New Zealand, what do you think? Should we be farming Weka?

Last week Roger Beattie had a large display in the Observer. Here is what he had to say.




Eastern Buff Weka are native to the East Coast of the South Island.  Six pair were taken to the Chatham Islands in 1905 to control grass grub. They thrived there as there are no stoats. Buff Weka died out on the mainland in the 1930s.

I lived and worked on the Chathams for 17 years then my wife and I bought a farm on Banks Peninsula. We missed the weka so built NZs first large Predator Proof reserve in 1994 and became NZs most successful weka breeder. Breeding and giving away 100’s.

For the record

New Zealand has the world’s worst record for bird species becoming extinct. (74 since man arrived in New Zealand).

71 of our 218 native birds are threatened and only one fish, the Great White Shark. (Draft Threatened Species Strategy DOC May 2017).

In contrast to birds, commercial fisheries are in phenomenal shape. According to MPI’s latest stock assessments ‘The status of NZ Fisheries report for 2106‘ “97% of scientifically evaluated landings were from stocks above or well above sustainable levels”. (Seafood NZ May,5 2017).

Why the contrast between Birds and Fish?

Is the answer in the legislation?

Prior to 1984 NZs Fisheries were in bad shape and getting worse, The Quota Management System (QMS) was introduced to alter incentives and stop the race for fish.

DOC didn’t get reformed by the 1984-87 Labour government and as a result DOC runs a command and control, Top down, Bureaucracy knows best, get around the table, consult with everyone, indecisions by committee, intentions matter, Pagan Worshipping, Myopic Monopoly.

MPI, fishermen and Quota Owners are outcomes driven, bottom up, efficiency focused, scientifically assessed, self-criticising, incentivised to be sustainable, racially mature and harmonious, free market property rights evangelists.

The purpose of the ‘Conservation Act 1987’ is to “Establish a department of conservation” (DOC Monopoly).

The purpose of the ‘Fisheries Act 1996’ is to provide for the utilisation of fisheries resources while ensuring sustainability (Sustainable utilisation).

DOC and birds is a horse and cart. MPI and fisheries is a Tesla.

How might we improve the Conservation Act?

Change the purpose ‘To promote the Conservation of NZ’s natural and historic resources’.

Put individuals, groups, Maori and companies etc. on a level playing field with DOC.

DOC should not be the Rule setter, the player, the referee, and the Judge & Jury.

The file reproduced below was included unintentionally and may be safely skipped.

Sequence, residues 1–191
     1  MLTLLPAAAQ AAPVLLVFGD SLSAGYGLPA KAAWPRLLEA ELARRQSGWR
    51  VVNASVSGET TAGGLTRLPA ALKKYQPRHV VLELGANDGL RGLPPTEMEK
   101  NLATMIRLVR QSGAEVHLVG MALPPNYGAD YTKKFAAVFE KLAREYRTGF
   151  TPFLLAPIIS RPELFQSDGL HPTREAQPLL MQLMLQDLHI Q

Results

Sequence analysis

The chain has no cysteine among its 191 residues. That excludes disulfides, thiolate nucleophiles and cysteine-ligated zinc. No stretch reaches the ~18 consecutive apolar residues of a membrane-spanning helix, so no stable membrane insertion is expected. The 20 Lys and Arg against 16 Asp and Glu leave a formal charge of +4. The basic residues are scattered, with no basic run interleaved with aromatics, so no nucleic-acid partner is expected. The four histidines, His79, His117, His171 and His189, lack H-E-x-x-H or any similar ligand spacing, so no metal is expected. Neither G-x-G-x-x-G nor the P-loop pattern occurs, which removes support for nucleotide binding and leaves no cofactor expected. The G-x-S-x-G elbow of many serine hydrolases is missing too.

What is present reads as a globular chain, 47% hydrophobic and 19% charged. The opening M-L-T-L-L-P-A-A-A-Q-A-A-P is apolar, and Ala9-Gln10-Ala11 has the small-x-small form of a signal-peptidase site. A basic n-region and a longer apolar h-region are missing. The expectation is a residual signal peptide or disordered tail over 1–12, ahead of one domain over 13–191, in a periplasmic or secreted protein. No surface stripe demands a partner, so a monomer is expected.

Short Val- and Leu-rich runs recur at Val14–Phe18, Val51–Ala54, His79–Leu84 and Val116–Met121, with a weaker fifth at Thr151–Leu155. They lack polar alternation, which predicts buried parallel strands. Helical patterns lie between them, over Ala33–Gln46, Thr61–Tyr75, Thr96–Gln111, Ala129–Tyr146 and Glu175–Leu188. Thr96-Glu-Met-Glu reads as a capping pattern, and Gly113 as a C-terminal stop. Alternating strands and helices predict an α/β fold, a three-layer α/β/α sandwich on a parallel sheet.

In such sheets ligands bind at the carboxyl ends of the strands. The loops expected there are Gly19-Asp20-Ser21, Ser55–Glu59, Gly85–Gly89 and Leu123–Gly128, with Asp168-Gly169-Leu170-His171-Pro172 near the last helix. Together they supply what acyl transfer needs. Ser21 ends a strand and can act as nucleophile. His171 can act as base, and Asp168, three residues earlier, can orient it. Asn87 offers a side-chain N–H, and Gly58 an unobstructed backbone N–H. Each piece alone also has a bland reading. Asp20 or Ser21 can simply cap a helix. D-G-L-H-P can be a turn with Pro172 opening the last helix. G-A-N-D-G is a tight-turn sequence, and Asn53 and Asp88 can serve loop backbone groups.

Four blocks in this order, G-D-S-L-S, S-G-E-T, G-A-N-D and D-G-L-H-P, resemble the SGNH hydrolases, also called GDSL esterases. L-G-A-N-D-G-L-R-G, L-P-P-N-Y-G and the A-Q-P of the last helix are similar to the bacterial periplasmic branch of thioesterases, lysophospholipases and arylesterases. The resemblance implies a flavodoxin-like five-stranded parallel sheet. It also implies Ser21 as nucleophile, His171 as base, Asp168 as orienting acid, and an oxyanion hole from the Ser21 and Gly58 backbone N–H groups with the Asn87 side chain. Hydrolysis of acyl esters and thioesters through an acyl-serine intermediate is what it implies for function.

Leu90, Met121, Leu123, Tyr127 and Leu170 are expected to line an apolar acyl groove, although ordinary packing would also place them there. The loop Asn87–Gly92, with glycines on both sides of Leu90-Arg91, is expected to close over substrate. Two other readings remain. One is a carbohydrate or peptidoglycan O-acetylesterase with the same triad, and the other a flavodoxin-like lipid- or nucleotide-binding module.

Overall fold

Am I being a bit hard on DOC?

Consider this, in September 2016 I was heading to the Chatham Islands with the TV3 “Story” crew to film a weka programme. I wanted to get some live weka for breeding and some for the pot.

I rang the DOC office in Palmerston North and was told that I would have to do four lots of consultation before I could fill out the paperwork for live weka transfer.

I rang the Chatham Islands DOC office for 10 weka to eat and the permit was filled out whilst on the phone.

Go figure, two years it took to get the last live weka permit and one minute to get a permit for dead weka.

DOC is also killing up to 500 weka per year on the Chathams. DOC has a policy to repatriate weka back to their original areas – Yeah Right!

Many people in DOC including the Minister and the Director General mean well, but more power and money is not the solution.

Farming is the solution

Weka are ideally suited to farming, they are attracted to humans. They multiply quickly – the best we have done is 17 chicks from one breeding pair in a year. They grow quickly, they are good for pest control; spiders, grass grub, maggots, rats, and mice. They have multiple end uses, meat to high end restaurants, feathers in your cap, weka oil – Yes! They thrive in a variety of climates.

They are quick to process, they taste fantastic and are oh so healthy to eat. They are the “ultimate” in sustainable food as no chemicals are needed to grow them. They are enjoyable to farm and are smarter than chooks.

They are light on the land and use water efficiently. They require 1/10th of a hectare per breeding pair and can be farmed with cattle, sheep, in orchards or on lifestyle blocks.

We in New Zealand farm native shellfish; mussels, paua and oysters. We farm native trees, shrubs, and grasses. Why not weka?

We have a crisis on our hands. We need to change the way we think and act.

We need to harness the power of the market and the innovation of entrepreneurs.

The future of our endangered bird species depends on it.

No farmed species has ever died out.


Roger Beattie

Organic Sheep, Beef, Paua, Kelp and Weka farmer

Federated Farmers Personality of the Year 2010

Angela Low